Yesterday, I stopped at Subway for a sandwich. The young guy who started my sub then said, "Sir, I ask this only because I care about the quality of your sandwich: are you willing to have this black guy put on your vegetables?" I stared at him. "Please realize sir, he is black." This was obviously his idea of humor and the young man to whom he was referring looked somewhat bemused and mostly resigned. I said to him, "It's an odd country. You can be white and black and black is what you are labeled." "Yeah," he said. "I'm half nigger and half cracker." Oh good, I thought, my sandwich is going to be made by a young man filled with self loathing. Unsurprisingly, it was tasteless. I should have said something witty or acerbic or critical, like "Oh yeah!" but instead, all I said was, "I'll have the cucumbers, alfalfa sprouts, and olives."
In the wake of Geraldine Ferraro's racist remark about Obama, I do wonder about this. How is this that a man who has one white parent and one black is automatically considered a black man? ("I don't know why people are so shocked that she would say this," quips Bernard. "Those Italians are notoriously racist.")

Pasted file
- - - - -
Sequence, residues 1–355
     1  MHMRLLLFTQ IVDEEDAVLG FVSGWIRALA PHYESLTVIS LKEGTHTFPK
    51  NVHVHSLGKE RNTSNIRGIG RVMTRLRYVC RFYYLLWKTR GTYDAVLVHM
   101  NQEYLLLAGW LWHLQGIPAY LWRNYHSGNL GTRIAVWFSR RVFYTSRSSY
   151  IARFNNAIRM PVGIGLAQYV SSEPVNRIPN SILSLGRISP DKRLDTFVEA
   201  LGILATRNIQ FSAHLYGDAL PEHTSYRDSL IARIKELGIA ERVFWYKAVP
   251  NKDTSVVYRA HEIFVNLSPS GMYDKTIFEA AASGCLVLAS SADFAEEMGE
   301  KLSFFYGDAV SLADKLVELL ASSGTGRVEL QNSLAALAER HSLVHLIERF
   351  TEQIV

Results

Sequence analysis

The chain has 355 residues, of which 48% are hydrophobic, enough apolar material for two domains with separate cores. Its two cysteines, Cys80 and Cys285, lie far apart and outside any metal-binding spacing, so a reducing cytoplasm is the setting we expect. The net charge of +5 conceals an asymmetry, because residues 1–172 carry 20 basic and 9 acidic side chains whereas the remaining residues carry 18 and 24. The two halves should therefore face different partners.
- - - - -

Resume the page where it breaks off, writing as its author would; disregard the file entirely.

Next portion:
In a great scene from one of Jorge Amado's novels, a group of Brazilians are gathered around discussing race. Brazil has a little of everything and in spite of a reputation for being generally tolerant of one another, race problems emerge. The characters are getting quite philosophical about all this when (I believe it was) the blacksmith breaks his silence. "The answer is to have everyone interbreed until even God can't tell them apart," he announces. At 20, this seemed like a brilliant solution to me but I got very little cooperation in my attempts to put it into action.
Maybe, just maybe, when we finally read that Obama is a white guy whose father was black, we'll be en route to this world of racial confusion. I may have scuttled my personal plans to execute Amado's plan, but I still think that racial confusion might be the final solution to racist confusion.